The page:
Barely a year ago, Intel made waves when it announced its Light Peak technology, which boasted speeds more than twice than those of SATA2. Today, Intel talks about the future of Light Peak and their plans for it.
Read on for more information.
If Intel were to have its way, all our devices will soon be connected to our computers via a single interface, and not with copper wires, but with optical cables.
Speaking at the Intel Developer Forum in Beijing, senior Intel fellow Kevin Khan outlined Intel’s plans for Light Peak, stating that the technology will be made available in the later part of the year, and that “they were expecting partners to start shipping devices with the technology by next year”.
It seemed that Intel also had lofty ambitions with Light Peak technology, with Kahn calling it a “logical future successor to USB 3.0”, even though the new USB 3.0 standard has yet to reach mainstream status, and that Light Peak had the potential to be “the last cable you’ll ever need”.
While current standards today dictate a dedicated cable for most protocols, head of Intel Labs Justin Rattner believes that Light Peak will do away with the need for having individual cables, as the technology is capable of serving multiple protocols with a single Light Peak optical cable all at once, greatly reducing the need for extra wiring.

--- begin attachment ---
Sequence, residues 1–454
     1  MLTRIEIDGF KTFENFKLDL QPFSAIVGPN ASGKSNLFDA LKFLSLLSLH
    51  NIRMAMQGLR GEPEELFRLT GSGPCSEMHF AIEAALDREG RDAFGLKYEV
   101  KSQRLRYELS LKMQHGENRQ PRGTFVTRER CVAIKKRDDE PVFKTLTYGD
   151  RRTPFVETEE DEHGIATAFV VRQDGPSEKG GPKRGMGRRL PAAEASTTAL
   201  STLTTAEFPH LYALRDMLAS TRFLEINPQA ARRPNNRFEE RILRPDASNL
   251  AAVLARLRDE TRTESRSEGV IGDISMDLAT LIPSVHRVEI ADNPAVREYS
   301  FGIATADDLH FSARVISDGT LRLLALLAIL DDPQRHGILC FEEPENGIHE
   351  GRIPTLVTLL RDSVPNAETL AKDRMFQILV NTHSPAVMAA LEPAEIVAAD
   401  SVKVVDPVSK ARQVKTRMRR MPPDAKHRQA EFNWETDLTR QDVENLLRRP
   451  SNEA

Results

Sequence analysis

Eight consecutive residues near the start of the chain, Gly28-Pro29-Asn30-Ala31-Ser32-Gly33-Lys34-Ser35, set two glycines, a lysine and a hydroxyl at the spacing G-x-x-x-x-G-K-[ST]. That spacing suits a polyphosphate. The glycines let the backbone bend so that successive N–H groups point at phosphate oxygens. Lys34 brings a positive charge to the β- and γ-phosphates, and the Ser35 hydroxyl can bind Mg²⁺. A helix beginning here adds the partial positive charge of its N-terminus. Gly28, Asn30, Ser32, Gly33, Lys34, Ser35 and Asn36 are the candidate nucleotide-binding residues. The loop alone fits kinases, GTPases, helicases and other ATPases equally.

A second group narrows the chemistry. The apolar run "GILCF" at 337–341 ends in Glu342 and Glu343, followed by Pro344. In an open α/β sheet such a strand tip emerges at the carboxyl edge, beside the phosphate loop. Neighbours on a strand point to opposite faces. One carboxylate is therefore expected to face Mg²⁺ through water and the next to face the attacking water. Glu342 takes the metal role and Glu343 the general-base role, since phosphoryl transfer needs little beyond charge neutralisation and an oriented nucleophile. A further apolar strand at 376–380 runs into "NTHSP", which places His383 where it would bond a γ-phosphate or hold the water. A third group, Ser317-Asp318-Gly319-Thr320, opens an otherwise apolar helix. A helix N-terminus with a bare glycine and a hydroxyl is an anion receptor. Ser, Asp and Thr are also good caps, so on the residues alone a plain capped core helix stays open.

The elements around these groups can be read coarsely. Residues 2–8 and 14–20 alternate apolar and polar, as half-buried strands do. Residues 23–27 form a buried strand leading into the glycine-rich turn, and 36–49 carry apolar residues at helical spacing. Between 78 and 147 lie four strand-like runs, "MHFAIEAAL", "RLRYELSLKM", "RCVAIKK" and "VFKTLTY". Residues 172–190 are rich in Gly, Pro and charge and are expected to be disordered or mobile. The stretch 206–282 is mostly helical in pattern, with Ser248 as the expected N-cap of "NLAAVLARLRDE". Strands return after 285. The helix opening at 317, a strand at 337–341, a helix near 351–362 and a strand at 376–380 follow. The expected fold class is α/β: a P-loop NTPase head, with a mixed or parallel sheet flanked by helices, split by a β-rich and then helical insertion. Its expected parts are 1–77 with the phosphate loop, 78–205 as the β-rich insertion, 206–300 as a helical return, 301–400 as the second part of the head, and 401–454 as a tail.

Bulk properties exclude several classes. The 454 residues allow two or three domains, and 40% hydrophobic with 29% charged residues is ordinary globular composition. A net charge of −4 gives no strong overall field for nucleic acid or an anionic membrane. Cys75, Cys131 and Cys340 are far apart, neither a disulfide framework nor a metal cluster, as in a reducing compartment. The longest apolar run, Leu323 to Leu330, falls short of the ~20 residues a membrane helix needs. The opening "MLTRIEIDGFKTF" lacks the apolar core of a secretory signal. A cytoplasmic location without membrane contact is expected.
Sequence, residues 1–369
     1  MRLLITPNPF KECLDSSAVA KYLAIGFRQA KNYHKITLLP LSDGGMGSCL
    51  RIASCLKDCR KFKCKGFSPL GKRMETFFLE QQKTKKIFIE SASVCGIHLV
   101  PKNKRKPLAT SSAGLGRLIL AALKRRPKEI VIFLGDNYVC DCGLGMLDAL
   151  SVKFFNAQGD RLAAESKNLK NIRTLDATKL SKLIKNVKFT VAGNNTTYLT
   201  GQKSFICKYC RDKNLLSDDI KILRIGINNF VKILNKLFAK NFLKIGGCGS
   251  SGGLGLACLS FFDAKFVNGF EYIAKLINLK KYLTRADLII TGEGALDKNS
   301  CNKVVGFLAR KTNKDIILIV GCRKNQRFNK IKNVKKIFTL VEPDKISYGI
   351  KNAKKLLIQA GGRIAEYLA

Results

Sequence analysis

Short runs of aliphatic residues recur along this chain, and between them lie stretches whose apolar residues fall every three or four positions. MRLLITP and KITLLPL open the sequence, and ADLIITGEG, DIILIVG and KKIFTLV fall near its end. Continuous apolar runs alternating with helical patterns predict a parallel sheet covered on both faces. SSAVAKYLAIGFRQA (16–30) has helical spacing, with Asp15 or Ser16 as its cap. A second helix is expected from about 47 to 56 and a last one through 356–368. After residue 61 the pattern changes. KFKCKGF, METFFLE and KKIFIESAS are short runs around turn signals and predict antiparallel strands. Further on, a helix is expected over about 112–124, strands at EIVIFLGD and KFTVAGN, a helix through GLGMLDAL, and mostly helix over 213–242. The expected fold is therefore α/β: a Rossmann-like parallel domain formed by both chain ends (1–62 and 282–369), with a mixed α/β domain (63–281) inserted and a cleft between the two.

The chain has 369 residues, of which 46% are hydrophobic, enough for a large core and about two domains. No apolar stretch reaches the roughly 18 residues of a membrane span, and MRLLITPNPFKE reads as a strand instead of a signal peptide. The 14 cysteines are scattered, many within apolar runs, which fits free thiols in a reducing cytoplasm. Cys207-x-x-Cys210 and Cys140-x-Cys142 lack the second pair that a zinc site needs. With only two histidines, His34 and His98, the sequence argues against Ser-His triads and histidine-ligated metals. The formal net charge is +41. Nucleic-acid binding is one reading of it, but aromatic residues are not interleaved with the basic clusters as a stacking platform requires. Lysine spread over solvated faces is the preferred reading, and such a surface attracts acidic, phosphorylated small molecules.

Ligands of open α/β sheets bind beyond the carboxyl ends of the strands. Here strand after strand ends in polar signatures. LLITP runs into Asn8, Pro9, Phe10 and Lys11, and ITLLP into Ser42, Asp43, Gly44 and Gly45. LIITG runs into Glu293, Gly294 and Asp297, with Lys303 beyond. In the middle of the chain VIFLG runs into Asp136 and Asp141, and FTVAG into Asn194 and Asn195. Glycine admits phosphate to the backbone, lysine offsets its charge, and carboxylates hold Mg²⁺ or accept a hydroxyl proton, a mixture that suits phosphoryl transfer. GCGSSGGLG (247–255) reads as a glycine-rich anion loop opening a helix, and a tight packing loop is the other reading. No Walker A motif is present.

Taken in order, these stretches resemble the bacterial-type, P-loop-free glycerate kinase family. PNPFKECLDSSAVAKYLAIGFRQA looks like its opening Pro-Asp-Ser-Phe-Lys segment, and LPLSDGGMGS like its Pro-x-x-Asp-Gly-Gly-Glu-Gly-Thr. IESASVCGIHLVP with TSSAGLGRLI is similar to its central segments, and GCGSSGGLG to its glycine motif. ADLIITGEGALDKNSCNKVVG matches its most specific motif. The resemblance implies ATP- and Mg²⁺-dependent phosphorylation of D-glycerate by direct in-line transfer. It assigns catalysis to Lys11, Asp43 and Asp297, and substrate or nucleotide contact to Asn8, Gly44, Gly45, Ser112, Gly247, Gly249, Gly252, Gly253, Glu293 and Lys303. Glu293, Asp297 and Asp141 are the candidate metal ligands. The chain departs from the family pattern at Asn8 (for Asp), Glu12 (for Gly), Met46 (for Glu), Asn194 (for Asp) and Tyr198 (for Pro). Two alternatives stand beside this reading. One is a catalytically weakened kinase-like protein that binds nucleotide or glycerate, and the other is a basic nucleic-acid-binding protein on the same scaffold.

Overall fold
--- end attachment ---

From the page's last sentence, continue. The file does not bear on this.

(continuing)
However, Kahn was insistent that Light Peak and USB 3.0 would not be conflicting technologies; instead, he sees both of them as complimentary, as “Light Peak enables USB and other protocols to run together on a single, longer cable and at higher speeds”.
Kahn also said that the USB 3.0 port will be the most likely interface for Light Peak to start with due to its widespread usage, but said that in time, it may allow for much smaller ports to be used, a vital aspect of mobile device designs like notebooks and handheld computers.
This would make sense, as Intel had previously demonstrated Light Peak running through USB port, as shown below:
He also said that Intel would consider having built-in support for Light Peak it its own chipsets, but that would be dependent on the rate of adoption for Light Peak.
Either way, it is clear to all that Intel is banking on optical technology, having argued that copper cables are fast reaching the threshold of their capabilities. And if Intel does manage to pull it off, the dream of ultra-high-speed client computing may not remain as a dream for long.